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  SQL Server Tips by Burleson

What is Bad SQL?

Before the DBA can identify problem SQL in the database, the question of “What is bad SQL?” needs to be asked. What criteria should be used when the hunt for problem SQL in critical systems is performed?

Even seasoned experts disagree on what constitutes efficient and inefficient SQL, so there is no way to sufficiently answer this question to every Microsoft professional’s satisfaction. The following list contains general criteria that can be used when evaluating the output from various database monitors or personal diagnosticScripts:

  • Overall Response (Elapsed) Time: This is how much time the query took to parse, execute, and fetch the data needed to satisfy the query. It should not include the network time needed to make the round trip from the requesting client workstation to the database server.

  • CPU Time: This is how much CPU time the query took to parse, execute, and fetch the data needed to satisfy the query.

  • Physical I/O: Often used as the major statistic in terms of identifying good vs. bad SQL, this is a measure of how many disk reads were caused by the query in order to satisfy the user’s request. While controlling disk I/O is desired, it is important the DBA not focus solely on physical I/O as the single benchmark of inefficient SQL. Make no mistake, disk access is slower than memory access and also consumes processing time making the physical to logical transition, but the entire I/O picture of a SQL statement should be considered. This includes looking at a statement’s logical I/O as well.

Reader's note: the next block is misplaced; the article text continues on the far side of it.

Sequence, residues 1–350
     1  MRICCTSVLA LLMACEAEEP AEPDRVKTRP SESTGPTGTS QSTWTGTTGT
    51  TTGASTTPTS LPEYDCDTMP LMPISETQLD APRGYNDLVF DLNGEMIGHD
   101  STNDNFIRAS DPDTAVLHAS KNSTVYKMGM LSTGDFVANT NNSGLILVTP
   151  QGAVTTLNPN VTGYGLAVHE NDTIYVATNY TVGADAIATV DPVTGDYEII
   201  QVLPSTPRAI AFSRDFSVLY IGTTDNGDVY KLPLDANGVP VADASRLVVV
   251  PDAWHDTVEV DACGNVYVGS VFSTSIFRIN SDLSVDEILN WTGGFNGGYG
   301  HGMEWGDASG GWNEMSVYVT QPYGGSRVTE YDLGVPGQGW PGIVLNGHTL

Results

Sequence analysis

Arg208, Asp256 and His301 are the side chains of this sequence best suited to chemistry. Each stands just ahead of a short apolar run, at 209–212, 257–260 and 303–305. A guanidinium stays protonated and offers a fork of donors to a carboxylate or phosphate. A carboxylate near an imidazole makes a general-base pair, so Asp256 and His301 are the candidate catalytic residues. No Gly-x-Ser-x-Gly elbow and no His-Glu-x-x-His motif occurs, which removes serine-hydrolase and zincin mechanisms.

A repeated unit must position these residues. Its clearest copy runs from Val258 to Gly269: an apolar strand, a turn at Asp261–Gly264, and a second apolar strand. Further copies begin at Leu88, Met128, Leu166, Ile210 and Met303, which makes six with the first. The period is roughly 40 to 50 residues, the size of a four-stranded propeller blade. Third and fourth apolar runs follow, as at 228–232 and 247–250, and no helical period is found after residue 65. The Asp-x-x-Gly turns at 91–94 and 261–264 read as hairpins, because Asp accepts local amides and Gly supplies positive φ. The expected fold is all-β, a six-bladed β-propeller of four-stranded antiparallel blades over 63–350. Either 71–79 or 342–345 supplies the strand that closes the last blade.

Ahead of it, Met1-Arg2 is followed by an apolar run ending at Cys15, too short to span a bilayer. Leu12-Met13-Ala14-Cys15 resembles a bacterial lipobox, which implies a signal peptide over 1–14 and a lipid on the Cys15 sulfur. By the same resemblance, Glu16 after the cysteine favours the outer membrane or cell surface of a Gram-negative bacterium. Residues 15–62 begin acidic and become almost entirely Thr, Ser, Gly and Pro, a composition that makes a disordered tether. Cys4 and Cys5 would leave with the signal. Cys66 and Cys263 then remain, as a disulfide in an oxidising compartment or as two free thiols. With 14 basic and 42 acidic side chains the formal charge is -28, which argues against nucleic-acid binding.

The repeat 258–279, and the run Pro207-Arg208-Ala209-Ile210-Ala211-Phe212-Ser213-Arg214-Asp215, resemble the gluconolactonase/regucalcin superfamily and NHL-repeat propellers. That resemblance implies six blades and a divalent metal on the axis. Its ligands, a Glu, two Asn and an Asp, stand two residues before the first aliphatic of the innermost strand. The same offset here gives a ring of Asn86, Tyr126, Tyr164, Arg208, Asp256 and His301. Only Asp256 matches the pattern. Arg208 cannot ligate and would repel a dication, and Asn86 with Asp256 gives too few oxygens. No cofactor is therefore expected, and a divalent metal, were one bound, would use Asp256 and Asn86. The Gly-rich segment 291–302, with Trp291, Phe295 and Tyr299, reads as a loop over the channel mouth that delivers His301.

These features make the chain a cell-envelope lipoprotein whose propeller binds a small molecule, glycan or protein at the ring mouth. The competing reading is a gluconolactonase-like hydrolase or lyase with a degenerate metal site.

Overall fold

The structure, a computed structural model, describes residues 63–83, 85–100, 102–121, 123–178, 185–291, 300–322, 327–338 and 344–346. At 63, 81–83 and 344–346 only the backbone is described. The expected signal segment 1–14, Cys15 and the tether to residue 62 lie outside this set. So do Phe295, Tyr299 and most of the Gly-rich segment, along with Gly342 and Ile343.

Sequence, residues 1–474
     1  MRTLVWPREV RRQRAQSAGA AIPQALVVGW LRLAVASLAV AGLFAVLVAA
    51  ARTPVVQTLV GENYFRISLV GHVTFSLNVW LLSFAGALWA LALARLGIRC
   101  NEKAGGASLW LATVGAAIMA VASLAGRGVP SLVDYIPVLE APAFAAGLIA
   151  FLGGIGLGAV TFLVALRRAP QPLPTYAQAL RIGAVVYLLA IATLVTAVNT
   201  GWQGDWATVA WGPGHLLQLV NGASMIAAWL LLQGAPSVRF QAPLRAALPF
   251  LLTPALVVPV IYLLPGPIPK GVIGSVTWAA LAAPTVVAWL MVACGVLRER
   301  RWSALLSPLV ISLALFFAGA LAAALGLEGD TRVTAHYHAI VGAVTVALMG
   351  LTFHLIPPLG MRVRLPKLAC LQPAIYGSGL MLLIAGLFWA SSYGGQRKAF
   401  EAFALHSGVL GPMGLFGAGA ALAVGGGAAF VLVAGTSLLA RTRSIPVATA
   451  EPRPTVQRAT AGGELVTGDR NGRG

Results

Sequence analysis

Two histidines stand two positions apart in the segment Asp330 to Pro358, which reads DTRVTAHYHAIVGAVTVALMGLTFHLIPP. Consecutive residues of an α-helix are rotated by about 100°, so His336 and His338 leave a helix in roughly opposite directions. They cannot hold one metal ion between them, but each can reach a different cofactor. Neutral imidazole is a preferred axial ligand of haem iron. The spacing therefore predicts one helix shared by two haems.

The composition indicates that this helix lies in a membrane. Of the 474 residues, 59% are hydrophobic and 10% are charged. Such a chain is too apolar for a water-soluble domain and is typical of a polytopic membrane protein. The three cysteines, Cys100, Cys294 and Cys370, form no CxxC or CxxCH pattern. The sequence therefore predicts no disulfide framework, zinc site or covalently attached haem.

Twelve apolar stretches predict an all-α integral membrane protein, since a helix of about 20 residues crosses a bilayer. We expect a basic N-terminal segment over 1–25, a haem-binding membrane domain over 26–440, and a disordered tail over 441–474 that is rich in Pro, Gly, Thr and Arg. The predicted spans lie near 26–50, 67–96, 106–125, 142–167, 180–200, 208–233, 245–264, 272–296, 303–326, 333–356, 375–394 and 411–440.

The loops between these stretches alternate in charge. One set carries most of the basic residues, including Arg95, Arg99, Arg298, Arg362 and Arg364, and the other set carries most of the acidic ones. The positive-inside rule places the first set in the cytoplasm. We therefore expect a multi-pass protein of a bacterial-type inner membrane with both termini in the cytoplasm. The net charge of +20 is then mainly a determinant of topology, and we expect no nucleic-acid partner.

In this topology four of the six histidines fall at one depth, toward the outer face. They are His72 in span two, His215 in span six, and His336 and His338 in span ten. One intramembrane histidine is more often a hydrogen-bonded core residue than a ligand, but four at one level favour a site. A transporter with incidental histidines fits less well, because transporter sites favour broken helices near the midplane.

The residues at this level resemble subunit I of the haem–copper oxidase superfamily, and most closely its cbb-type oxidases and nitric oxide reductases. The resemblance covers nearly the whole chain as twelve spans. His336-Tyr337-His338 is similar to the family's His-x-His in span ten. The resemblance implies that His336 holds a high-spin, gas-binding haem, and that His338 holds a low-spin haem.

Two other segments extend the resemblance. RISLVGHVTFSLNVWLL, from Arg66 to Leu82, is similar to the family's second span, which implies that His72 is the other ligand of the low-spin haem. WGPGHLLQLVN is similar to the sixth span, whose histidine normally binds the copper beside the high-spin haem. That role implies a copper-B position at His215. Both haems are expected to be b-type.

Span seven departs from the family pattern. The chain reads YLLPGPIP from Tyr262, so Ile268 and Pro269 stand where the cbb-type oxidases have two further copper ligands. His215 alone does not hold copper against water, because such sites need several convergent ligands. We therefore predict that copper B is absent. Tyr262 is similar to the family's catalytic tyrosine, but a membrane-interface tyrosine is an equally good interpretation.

• Logical I/O: This is a measure of how many memory reads the query took to satisfy the user’s request. The goal of tuning I/O for a query should be to examine both logical and physical I/O and use appropriate mechanisms to keep both to a minimum.

  • Repetition: This is a measure of how often the query has been executed. A problem in this area is not as easy to spot as the others unless the DBA is very familiar with the application. A query that takes a fraction of a second to execute may still be causing a headache on the system if it is executed erroneously. One example would be a query that executes in a runaway T-SQL loop over and over again.

There are other criteria that can be examined. Examples include criteria such as sort activity, temp table usage, or access plan statistics that show items such as Cartesian joins and the like; however, more often than not, these measures are reflected in the criteria listed above. Fortunately, SQL Server records most of the above measures. This makes tracking the SQL that has been submitted against Microsoft databases much easier than other database engines.

The above book excerpt is from:

High-Performance SQL Server DBA
Tuning & Optimization Secrets

ISBN: 0-9761573-6-5
Robin Schumacher  

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